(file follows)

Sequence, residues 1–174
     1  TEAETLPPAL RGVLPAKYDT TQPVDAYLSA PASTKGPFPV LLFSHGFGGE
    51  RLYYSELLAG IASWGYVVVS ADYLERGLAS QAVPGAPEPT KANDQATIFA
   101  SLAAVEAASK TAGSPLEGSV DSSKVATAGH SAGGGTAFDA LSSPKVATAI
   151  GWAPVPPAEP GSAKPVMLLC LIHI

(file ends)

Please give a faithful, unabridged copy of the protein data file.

Sequence, residues 1–174
     1  TEAETLPPAL RGVLPAKYDT TQPVDAYLSA PASTKGPFPV LLFSHGFGGE
    51  RLYYSELLAG IASWGYVVVS ADYLERGLAS QAVPGAPEPT KANDQATIFA
   101  SLAAVEAASK TAGSPLEGSV DSSKVATAGH SAGGGTAFDA LSSPKVATAI
   151  GWAPVPPAEP GSAKPVMLLC LIHI